Police Say No Criminal Activity At Mosque Incident Involving Celtics' Enes Kanter - NBC10 Boston

Police Say No Criminal Activity At Mosque Incident Involving Celtics' Enes Kanter

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    Kanter Opens Up About Encounter Outside Mosque

    Police spoke with Enes Kanter Monday about his alleged harassment outside a Cambridge mosque.

    (Published Monday, Oct. 7, 2019)

    Police said Tuesday no criminal activity took place during an incident at a Cambridge, Massachusetts mosque last week during which Boston Celtics center Enes Kanter said he was harassed. 

    Kanter tweeted a video Friday showing two men shouting at him and Celtics rookie Tacko Fall outside the Islamic Center of Boston in Cambridge.

    Kanter, a native of Turkey, has been an outspoken critic of that country's president, Recep Tayyip Erdoğan. He said the men in Friday's video were supporters of Erdoğan.

    Cambridge police said Tuesday the men in the video were "exercising their constitutionally protected right to free speech" and that a preliminary investigation found no criminal activity. 

    In a statement, police said Kanter had "been advised of the steps that would be necessary to pursue a civil restraining order against the other parties, if he elects to pursue one."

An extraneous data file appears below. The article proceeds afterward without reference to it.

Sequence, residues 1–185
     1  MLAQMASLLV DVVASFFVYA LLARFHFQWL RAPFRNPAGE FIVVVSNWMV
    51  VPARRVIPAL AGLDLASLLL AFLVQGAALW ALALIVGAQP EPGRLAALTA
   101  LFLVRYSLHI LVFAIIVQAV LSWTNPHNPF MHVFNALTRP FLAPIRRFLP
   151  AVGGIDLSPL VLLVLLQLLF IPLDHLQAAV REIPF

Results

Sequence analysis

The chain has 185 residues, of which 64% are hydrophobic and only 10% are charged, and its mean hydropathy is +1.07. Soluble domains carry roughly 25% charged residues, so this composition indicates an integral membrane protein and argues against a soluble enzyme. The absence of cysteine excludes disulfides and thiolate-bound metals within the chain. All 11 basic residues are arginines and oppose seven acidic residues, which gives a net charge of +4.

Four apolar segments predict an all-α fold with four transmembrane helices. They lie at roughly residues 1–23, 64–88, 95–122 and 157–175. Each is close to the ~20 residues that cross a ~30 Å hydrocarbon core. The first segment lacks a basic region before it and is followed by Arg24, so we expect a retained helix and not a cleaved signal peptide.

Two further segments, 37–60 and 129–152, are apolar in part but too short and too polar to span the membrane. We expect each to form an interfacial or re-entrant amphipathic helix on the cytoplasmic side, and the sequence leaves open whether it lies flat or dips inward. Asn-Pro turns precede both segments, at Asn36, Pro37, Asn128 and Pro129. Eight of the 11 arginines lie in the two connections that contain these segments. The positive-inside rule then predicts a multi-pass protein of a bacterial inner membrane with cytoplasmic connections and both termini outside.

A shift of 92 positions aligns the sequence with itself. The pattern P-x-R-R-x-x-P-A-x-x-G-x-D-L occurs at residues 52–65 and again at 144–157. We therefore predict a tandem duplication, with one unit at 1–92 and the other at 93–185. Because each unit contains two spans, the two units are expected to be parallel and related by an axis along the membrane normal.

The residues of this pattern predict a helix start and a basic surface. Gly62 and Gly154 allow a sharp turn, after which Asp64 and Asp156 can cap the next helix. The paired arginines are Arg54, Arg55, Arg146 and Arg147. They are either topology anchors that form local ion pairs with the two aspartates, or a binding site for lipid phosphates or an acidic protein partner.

Kanter described the scene to NBC10 Boston in an interview Monday.

    "They were just screaming, yelling, they were calling me a traitor, they were [telling] me I shouldn't be here, they were telling me 'Don't come to this mosque ever again,'" Kanter told NBC10 Boston Monday.

    Police said they interviewed Kanter Monday and have identified all parties involved.

    "We actually got the guy's name," Kanter said. "I actually told the police his name."

    Kanter says his criticism of the Turkish government is why he was targeted.

    "I should be comfortable going to a mosque and pray, because that is the house of God, and it was just very sad for me to see that happen in America," Kanter said.

    He says he will keep speaking up for those who can't.

    "My case is just one. And people know my story because I play in NBA," Kanter said. "But there are thousands and thousands stories out there, it's way worse than mine. There are lots of Turkish people here feel the same way how I feel."

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